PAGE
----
Former Theranos CEO Elizabeth Holmes set to be sentenced

Former Theranos CEO Elizabeth Holmes awaits sentencing Friday, 10 months after a Jury found her guilty of defrauding investors in the failed blood-testing company.

The sentencing hearing in San Jose, California, began shortly after 10:00 a.m. Pacific time and deliberations continued from 1 p.m.—an unusually long time for what is typically a procedural hearing.

The amount of money Holmes must repay will be determined at a later date, Judge Edward Davila of the Northern District of California ruled. Prosecutors argued that Holmes must pay back $804 million to defrauded investors, but Davila ruled that true losses were likely closer to $121 million.

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Holmes, 38, founded Theranos in 2003, and it quickly grew to become one of the most prominent startups in the world, with a peak valuation of $10 billion. But a series of exposés by The Wall Street Journal raised questions about the effectiveness of the company’s technology and business practices, triggering multiple investigations by federal and state officials.

The sentence will be seen as a signal for how seriously wrongdoers in the high-flying world of tech startups can expect to be punished when they misrepresent a company’s capabilities.

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“Especially in a very highly publicized case, you want the public to know that if you defraud investors or anyone else, you’re looking at serious prison time,” said Carrie Cohen, Global Co-Chair of the Investigations and White Collar. Defense practice group at law firm Morrison Foerster.

“Given the facts that all came out at trial, I would suspect that she’s looking at a significant amount of prison time, probably closer to what the government asked for,” Cohen said.

In January, Holmes was convicted of four counts of Investor fraud and conspiracy. A jury acquitted her of four other claims of harming patients who used Theranos’ blood-testing device, and could not agree on other claims. Investors in Theranos, a group that included media magnate Rupert Murdoch and software billionaire Larry Ellison, lost $144 million when the startup faltered.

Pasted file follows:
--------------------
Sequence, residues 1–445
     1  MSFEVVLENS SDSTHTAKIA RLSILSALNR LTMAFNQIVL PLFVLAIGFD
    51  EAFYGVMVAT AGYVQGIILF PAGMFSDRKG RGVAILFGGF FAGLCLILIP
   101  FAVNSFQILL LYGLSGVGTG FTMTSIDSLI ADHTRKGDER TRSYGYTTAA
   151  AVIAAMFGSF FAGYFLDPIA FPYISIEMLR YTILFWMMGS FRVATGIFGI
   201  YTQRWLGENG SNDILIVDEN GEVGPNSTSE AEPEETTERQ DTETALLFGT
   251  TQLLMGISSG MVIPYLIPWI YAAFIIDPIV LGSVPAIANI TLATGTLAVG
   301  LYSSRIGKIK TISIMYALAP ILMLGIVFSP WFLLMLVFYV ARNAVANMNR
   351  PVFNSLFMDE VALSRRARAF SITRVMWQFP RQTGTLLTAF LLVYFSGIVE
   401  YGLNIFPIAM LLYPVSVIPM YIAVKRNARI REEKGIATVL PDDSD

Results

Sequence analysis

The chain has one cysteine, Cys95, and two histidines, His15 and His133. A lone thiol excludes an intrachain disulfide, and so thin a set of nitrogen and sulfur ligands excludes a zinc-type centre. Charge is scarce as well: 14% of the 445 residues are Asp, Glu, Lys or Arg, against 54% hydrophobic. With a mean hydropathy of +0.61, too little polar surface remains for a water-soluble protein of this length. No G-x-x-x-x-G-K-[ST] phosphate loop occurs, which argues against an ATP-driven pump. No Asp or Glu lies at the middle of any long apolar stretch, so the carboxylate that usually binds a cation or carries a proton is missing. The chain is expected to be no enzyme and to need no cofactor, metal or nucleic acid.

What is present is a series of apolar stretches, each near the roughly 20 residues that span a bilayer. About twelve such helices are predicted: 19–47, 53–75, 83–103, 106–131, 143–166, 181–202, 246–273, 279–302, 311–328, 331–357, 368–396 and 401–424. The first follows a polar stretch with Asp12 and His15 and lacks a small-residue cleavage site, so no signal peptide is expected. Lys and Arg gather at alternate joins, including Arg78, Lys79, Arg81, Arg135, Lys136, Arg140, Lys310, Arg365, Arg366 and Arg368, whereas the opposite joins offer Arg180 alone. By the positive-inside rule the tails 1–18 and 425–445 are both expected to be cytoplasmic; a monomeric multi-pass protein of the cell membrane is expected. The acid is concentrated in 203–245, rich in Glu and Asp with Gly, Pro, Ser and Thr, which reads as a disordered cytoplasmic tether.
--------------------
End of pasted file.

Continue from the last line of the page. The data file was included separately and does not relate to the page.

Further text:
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Federal prosecutors asked for a 15-year sentence and $800 million in fines, describing Holmes’ crimes as “among the most substantial white-collar crimes Silicon Valley or any other district has seen,” according to court filings this week.

Theranos founder Elizabeth Holmes attends court hearing
Elizabeth Holmes, founder of Theranos, right, leaves federal court in San Jose, Calif., Thursday, Sept. 1, 2022.

Bloomberg


Holmes’ attorneys asked that she receive no prison time, arguing that she poses no danger to society, has debts she may not be able to repay and has already suffered from the “dehumanizingly cruel” media coverage of Theranos’ case. They presented testimonials from 130 people, including friends, family and even Senator Cory Booker, attesting to Holmes’ good intentions.

Holmes has a 1-year-old son and was pregnant at her last court hearing. Both are factors that can lead the judge to be lenient in sentencing, Cohen said.

Holmes testified that she was psychologically traumatized after being raped in college, and that she suffered sexual and emotional abuse at the hands of former Theranos Chief Operating Officer Sonny Balwani, who is 19 years her senior. While the duo was running Theranos, Holmes maintained that Balwani controlled her schedule, diet and presentation to others, and often calculated and castigated her.

Balwani’s lawyers denied the charges. He was found guilty of 12 counts of fraud in July and is scheduled to be sentenced on December 7.

Holmes said she plans to appeal her conviction. If she is sentenced to prison time, one point of contention could be when she begins the sentence. The judge could delay the start of her term until after Holmes’ birth. Cohen said she may also post bail to stay out of jail while she appeals her sentence.

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